First – what IS cold finish as it relates to ceramics?  A cold finish is anything that is NOT glaze/underglaze. Only to be used for sculptural items – yes, jewelry can fall under this category.  It is relegated for sculptural items ONLY because it is NOT food safe.

Cold Finish Medium Used

As it says in the title of this post, this tutorial is all about using craft quality colored pencils as a cold finish on sculptural ceramics.

Liqui-Mark is the name brand of the pencils that I used for this example.  There are other name brands that create some great quality pencils.  I will be exploring different name brands in future tests.  Do you have a specific name brand of colored pencil you’d like me to add to my resource page?  Comment below and let me know!

The best way to use this product is with patience! Using colored pencils out of the box is definitely more time consuming than other techniques we’ve looked at in previous explorations. The pencil doesn’t cover as much area, multiple passes are required to apply pigment solidly over the ceramic base, and you will stop on a regular basis to sharpen the pencil.

Image collage with ceramic tile, colored pencils, and caption about the subject - using colored pencils as a cold finish


Image of ceramic tile with calla lily design showing supplies needed for the process of using colored pencils as a cold finish

Colored pencils in a variety of colors

A pencil sharpener

Bisqued Ceramic Item (I make carved relief tiles to use as test tiles)

Eye shadow brush or q-tip (not pictured)

My Process

In the image above, you may have noticed that one side is white and one side is off white.  The white side has been primed with gesso while the off white side is bare stoneware clay.  In my cold finish exploration, it’s not just about the mediums that can be used.  It’s about finding the best combination to create the best results. I’m testing all my current materials on tiles that have been primed with Liquitex Gesso . Once I complete this round of testing, every medium will get tested again with a different priming material.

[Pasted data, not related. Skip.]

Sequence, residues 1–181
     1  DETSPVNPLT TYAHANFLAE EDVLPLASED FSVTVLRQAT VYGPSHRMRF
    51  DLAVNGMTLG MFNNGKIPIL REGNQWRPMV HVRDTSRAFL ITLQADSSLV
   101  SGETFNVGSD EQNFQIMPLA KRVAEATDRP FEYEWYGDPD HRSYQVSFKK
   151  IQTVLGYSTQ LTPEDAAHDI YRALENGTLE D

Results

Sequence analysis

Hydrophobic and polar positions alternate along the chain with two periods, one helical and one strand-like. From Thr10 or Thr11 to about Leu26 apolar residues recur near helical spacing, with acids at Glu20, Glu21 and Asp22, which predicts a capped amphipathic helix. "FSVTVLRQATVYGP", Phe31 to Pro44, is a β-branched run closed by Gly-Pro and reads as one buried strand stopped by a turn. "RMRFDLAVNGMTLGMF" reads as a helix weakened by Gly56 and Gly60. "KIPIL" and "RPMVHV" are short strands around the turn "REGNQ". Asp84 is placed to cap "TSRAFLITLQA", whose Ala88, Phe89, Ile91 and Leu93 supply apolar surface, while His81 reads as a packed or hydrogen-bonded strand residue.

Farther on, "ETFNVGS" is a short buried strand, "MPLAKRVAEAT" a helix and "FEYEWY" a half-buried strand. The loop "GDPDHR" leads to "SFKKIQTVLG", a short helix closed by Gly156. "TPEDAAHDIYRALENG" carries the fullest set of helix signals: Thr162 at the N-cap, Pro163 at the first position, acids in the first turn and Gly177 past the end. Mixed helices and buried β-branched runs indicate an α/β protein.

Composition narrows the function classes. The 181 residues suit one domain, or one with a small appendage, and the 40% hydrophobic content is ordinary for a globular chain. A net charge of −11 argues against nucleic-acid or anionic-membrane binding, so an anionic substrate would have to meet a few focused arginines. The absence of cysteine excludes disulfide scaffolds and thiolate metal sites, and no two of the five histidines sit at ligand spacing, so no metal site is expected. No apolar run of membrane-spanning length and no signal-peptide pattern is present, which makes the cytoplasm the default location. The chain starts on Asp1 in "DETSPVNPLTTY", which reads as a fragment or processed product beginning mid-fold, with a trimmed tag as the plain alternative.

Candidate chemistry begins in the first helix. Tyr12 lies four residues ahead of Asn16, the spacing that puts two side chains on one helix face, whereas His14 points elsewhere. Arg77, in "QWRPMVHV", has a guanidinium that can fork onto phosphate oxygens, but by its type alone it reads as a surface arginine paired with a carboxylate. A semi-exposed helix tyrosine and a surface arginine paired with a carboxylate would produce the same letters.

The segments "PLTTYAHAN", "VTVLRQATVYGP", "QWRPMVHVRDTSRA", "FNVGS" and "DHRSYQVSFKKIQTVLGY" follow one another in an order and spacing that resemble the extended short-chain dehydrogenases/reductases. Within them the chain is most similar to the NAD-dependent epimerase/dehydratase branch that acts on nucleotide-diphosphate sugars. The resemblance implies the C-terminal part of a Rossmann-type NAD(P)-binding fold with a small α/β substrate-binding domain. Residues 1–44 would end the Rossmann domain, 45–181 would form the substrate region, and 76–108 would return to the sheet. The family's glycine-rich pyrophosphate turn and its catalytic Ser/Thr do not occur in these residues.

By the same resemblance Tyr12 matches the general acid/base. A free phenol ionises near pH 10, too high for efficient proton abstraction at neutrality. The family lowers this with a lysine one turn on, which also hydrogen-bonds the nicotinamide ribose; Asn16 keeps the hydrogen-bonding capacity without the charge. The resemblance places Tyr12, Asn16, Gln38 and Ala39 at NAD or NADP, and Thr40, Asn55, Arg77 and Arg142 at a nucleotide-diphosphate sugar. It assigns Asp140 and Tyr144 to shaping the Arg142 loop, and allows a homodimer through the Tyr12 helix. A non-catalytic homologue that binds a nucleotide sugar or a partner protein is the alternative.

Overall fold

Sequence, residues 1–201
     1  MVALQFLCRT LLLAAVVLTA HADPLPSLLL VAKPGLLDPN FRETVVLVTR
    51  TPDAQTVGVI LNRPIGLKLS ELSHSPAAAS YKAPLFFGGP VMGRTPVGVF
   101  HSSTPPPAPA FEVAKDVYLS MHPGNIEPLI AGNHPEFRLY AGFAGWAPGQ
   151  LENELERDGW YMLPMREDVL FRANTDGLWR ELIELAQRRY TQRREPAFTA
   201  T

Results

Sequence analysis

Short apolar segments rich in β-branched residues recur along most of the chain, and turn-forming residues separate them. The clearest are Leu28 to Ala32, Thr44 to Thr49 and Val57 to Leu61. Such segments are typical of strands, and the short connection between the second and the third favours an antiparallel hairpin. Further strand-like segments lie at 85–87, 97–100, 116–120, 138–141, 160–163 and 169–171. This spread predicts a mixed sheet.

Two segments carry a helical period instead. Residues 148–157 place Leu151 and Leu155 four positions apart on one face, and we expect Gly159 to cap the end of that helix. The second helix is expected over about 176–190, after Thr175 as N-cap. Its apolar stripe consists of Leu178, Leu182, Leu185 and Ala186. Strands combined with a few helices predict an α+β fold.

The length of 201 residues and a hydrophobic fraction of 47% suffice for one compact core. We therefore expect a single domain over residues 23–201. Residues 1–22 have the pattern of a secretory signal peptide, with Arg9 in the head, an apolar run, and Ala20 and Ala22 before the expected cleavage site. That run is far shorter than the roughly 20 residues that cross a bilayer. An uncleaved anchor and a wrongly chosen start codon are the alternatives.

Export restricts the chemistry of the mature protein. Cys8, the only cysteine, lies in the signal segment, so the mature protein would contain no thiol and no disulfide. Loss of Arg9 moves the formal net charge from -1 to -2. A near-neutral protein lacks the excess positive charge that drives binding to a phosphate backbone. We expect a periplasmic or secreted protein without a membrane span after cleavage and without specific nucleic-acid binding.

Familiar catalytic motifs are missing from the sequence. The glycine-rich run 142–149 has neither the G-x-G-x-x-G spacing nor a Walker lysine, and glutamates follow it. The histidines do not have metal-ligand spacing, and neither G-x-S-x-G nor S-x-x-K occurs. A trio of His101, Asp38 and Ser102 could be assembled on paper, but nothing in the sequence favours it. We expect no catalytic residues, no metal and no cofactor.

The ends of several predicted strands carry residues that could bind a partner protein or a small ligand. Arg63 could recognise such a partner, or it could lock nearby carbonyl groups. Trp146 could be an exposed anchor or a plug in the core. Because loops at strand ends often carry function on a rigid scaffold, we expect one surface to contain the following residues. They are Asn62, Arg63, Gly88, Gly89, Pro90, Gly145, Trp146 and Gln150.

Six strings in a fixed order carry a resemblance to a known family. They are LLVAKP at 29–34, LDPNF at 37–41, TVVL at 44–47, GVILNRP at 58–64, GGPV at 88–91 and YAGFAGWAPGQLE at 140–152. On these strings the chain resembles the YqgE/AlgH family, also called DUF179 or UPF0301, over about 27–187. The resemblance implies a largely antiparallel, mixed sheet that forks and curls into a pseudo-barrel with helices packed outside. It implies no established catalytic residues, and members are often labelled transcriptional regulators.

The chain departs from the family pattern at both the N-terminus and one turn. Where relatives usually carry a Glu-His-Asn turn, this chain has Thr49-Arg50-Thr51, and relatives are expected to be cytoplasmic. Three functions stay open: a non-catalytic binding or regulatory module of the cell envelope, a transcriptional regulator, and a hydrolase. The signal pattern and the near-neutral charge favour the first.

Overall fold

Image collage with ceramic tile, colored pencils, and the Maine Arts Commission logo

  1. Prime half the test tile. Let sit overnight.
  2. Decide on color scheme. Grab a colored pencil and start coloring!
  3. Apply first layer of color without worrying about coverage.
  4. Continue to add layers of color creating depth and opaque coverage.
  5. Smudge/blend/burnish with q-tip or eye shadow sponge.
  6. Apply sealant.

I know… seems way too simplistic, right?  Well it is EASY, but I’m saving the more in depth and time intensive tutorials for those in my member group. This process/tutorial page is definitely geared for folks who just need a little prodding, to know the basics, and like to explore the DIY approach. If you’re interested in the more in depth tutorials, check out the MEMBERS ONLY tab at the top and look at all the different subscription levels. There’s something for every budget. 


Image of colored ceramic tile with calla lily design, showing the difference in matte and gloss sealants